Bell 206BIII JetRanger Collective

Starting from the left, the orange arrow point at the collective lever. The collective lever is connected to the rotor system via push pull tubes. The 206 also has a droop compensation device which senses changes in the collective pitch lever and increases or decreases fuel to the engine somewhat in anticipation of a change in power required. This helps to minimize the RPM fluctuations during collective pitch change.

The dark blue arrow points to the throttle twist grip. This performs the function of an engine condition control, with positions for off, idle, and flight. In the flight position the throttle is rolled full open, and the fuel control (governor) controls the amount of fuel going to the engine in order to maintain proper rotor RPM. Between the flight and idle positions, the throttle can be used as a manual throttle, although this would only be done during an emergency (or simulated emergency) condition. This is useful during any event which would cause engine or rotor RPM to go too high, such as a high side governor failure or short shaft failure. The throttle can be rolled off to limit the amount of fuel going to the engine so that RPM is maintained in the green operating arc. Another time when this is useful is while landing after a tail rotor failure. The throttle can be manipulated to produce the amount of torque required to line the landing gear up with ground track during a running landing. The throttle can not be used to increase fuel flow over what the governor is commanding, which means it can not be used as a manual fuel control to correct for a low side governor failure.

The green arrow is pointing to the idle release button. When the throttle is rolled from "off" to "idle", the idle release button snaps into a detent which prevents the throttle from being rolled back to "off". This prevents the pilot from flaming out the engine when going from "flight" to "idle". In order to move the throttle from "idle" to "off", the pilot must hold down the idle release button while rolling the throttle to "off".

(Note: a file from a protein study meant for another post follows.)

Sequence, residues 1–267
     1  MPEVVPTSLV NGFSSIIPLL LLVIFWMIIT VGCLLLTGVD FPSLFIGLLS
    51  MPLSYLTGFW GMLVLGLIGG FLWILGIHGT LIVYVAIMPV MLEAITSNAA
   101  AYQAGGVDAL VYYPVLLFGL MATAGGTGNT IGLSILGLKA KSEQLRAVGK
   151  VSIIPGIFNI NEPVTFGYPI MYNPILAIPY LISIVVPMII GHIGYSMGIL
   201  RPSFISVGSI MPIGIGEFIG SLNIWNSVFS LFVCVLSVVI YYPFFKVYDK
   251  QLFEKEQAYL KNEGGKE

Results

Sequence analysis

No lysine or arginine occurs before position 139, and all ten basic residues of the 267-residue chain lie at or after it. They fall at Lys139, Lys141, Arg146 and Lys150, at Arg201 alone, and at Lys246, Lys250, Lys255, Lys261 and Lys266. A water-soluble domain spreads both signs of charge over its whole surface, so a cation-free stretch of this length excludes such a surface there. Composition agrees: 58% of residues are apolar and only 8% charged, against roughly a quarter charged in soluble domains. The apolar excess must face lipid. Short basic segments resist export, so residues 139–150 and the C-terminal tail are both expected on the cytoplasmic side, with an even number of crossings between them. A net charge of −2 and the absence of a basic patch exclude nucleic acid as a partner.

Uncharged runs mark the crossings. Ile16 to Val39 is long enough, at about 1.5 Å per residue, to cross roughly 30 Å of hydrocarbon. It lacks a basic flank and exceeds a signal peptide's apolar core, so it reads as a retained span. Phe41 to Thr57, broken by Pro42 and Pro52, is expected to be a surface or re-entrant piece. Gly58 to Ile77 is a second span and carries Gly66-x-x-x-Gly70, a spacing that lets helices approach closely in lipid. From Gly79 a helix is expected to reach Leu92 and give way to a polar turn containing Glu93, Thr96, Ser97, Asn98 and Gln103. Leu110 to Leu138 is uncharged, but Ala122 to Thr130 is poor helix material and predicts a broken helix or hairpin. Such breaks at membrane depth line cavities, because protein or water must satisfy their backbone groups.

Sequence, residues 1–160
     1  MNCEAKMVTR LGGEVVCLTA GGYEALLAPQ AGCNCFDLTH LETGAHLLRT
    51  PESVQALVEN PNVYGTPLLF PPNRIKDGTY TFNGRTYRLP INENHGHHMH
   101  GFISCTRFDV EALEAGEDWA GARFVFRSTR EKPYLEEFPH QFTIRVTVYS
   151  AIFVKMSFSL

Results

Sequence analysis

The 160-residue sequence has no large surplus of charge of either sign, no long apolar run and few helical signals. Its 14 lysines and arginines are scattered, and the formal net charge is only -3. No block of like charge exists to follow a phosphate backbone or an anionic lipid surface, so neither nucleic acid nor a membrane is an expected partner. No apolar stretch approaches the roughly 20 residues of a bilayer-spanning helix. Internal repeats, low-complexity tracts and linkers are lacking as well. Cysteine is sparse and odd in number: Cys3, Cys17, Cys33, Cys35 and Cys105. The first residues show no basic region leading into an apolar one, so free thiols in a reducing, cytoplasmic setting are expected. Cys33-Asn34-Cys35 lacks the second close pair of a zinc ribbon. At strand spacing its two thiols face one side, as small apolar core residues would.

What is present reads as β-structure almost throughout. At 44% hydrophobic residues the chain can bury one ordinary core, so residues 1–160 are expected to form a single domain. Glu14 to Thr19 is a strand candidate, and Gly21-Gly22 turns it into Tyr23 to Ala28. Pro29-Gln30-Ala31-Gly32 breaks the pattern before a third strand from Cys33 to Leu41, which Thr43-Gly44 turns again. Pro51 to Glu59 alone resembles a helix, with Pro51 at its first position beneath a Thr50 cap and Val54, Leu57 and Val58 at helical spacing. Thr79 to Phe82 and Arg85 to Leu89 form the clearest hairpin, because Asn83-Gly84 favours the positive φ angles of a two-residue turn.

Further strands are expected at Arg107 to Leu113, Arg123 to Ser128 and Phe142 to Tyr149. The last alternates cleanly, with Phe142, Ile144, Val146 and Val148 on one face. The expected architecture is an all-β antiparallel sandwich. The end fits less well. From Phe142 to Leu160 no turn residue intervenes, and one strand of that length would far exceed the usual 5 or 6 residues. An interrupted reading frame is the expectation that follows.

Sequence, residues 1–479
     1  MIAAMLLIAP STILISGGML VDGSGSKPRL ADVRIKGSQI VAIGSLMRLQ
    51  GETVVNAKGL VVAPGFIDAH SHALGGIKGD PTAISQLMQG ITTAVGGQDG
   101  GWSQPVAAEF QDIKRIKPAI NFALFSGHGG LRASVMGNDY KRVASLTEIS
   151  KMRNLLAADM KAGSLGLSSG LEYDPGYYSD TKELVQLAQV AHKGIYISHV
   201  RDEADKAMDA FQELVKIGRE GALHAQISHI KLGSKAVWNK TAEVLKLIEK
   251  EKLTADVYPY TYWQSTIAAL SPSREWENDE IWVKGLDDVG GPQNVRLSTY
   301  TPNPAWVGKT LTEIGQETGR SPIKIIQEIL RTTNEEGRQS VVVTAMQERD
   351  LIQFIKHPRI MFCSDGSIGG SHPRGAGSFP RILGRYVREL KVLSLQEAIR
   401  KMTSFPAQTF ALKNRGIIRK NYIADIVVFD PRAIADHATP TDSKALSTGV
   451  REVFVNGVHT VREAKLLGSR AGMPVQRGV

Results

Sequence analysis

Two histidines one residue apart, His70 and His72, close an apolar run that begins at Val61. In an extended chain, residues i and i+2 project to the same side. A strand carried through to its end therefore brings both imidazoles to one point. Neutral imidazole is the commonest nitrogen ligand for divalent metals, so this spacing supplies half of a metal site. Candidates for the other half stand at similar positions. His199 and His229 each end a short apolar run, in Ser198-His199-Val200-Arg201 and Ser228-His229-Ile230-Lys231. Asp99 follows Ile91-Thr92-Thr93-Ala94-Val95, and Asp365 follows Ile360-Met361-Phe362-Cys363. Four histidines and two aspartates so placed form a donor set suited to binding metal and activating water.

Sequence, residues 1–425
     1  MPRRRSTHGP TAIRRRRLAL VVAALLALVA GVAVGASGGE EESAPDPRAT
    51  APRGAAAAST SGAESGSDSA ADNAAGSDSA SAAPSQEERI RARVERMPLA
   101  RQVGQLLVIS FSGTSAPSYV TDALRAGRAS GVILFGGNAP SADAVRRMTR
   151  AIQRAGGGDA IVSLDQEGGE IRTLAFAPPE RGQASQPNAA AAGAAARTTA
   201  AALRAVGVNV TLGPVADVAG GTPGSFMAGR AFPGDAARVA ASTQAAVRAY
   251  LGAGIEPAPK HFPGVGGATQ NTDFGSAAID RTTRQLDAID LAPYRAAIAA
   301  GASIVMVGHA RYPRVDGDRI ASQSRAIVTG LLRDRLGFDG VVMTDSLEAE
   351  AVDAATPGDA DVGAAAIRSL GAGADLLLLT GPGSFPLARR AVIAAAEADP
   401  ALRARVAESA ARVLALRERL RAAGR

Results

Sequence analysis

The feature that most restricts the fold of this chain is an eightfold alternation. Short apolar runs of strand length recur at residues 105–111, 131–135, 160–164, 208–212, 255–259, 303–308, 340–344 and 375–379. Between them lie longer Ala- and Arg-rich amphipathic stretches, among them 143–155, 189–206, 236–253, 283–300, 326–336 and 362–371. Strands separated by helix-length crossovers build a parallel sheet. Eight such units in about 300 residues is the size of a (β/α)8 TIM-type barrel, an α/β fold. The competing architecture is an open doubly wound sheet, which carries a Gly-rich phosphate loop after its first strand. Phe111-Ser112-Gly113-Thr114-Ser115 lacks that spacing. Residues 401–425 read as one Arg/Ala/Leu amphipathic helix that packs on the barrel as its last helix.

The red arrow is pointing at the starter button. Pushing this button causes the starter/generator to act as a starter motor, turning over the engine. The starter can also be used to motor the engine in order to cool it down by forcing cool air through it.

The yellow arrow points at the landing light switch, which is a three position switch. The three positions are "off", "forward" and "both". In forward, only the forward pointing light is activated. In "both", the forward and the downward angled lights are activated.

The blue arrow on the bottom points to the governor trim switch. By holding it in "increase" or "decrease" the pilot can set the RPM that the governor will attempt to maintain.

Paul Cantrell paul at copters.com (replace " at " with "@" to email me - this avoids SPAMMERS I hope)